He is old enough to be her father, really, but they seem to find comfort in such differences. Her patience with him seems endless, and his with her. He speaks broken English and Greek, she nods her head; she talks forever, and he nods his. He picks a piece of lint off her sweater and she waves him away; she kisses his cheek and he waves back.

The first Easter he spent with my family, he sang hymns in Greek — his voice so pure and beautiful you would cry at the sound.

Nicholas has been a frequent companion with my mother for holidays and birthdays and family celebrations over the years. He always brings pears, or grocery store pies, and tells stories about wild turkeys, God…and spirits. On my nephew’s first birthday this summer, he sat on a folding chair in the shade wearing a Hawaiian lei watching his little “Cowboy” enjoy the festivities.

– – – – –

And then you will be ready to begin the most difficult, the most powerful, the most fun of all. You will be ready to begin to fly up and know the meaning of kindness and of love.

– – – – –

My friend MaryAnne and I saw Nicholas today. He has a nice room at Yale, overlooking the hospital’s parking garage. Outside of a little high-blood pressure, he seems no worse for the wear of his 88-years, except…

“You’ll have to forgive me” he says for the fifth time in 20 minutes, “This is my first time getting old.”

For six weeks, Nicholas has been in this holding pattern — somewhere between his old life and his next one at a yet-to-be-determined nursing home. But he makes do. There are photos of his families taped to the window — his son and granddaughter, my sister and her son. A Greek newspaper is half-read and folded across the arm of a chair next to his favorite hat and familiar tan jacket. He makes easy, flirty conversation with the nurse who arrives to take his blood pressure. He tells old jokes and hugs us each with full and firm resolve.

A dry-erase board in front of the bed reminds him that TODAY is Friday, NOVEMBER 23. It includes the names of his doctor, the nurse. The blue magic marker notes that he is INDEPENDENT, but he is as much aware of the confines of this new life as we are.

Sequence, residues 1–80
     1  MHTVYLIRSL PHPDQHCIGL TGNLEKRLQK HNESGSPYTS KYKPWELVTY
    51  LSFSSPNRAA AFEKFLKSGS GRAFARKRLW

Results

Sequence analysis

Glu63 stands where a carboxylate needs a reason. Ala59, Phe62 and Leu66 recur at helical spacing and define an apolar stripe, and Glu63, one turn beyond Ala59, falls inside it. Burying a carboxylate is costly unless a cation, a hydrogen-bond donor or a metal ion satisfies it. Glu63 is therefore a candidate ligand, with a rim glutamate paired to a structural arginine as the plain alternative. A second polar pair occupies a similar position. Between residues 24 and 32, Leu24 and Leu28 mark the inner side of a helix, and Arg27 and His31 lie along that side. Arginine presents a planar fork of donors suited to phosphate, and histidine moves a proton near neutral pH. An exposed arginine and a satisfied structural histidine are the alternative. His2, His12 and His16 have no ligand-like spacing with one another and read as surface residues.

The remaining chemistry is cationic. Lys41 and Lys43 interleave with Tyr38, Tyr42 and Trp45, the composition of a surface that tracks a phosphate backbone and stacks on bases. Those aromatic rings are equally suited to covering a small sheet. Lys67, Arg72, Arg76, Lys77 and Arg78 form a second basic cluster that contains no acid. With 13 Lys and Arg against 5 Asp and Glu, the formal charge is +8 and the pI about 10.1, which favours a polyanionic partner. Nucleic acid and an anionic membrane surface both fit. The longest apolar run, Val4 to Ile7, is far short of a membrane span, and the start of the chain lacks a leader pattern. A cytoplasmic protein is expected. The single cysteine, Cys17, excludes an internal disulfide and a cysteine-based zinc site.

“What are you going to do?” he shrugs his shoulders. “This is the day you have.”

In one moment, he is tangled in loops of conversation — “So, how are you?” he asks four, five, six times. And the next, he is as lucid as the day he fixed me up on a blind date, and sat as chaperone over tea and pear slices.

As we drink coffee from paper cups in the hospital cafeteria, he moves effortlessly from 40 years passed to last week to 10 years ago. My mother is his wife is his daughter is my sister is me. The details are off, the timeline is skewed, but the meaning of what he wants to share is clear.

“I woke up at 4 a.m.,” he says, “because there was a bright light. When I opened my eyes, I saw Stella. My wife. She was so bright. I told her how much I miss her.”

Stella passed away three years ago.
He is trying not to cry.

“I told her ‘I miss you Stella, come here’ but she would not come. I asked if she is in heaven and she said no. No.”

It is not heaven, he tells us, just a different side of the atmosphere.

“Here,” he says, holding his heart, “is heavy because we are here,” he points downward. “But there, on the other side of the atmosphere, everything is light.”

– – – – –

Your whole body, from wingtip to wingtip, is nothing more than your thought itself.

– – – – –

In and out of the conversation, I am reminded of the pages in Jonathan Livingston Seagull, which I read for the first time earlier in the day.

Nicholas, my elder and my Pappous, teaching me as wise Chiang taught Jonathan.

The trick… was for Jonathan to stop seeing himself as trapped inside a limited body.…The trick was to know that his true nature lived, as perfect as an unwritten number, everywhere at once across space and time.

Nicholas seems to move that way now — effortlessly across space and time. If he is bothered by his current situation he doesn’t let it show too much, and then forgets soon after. Besides, what are you going to do? This is the day you have.


©2012, Jen Payne. Quotes from Richard Bach’s Jonathan Livingston Seagull.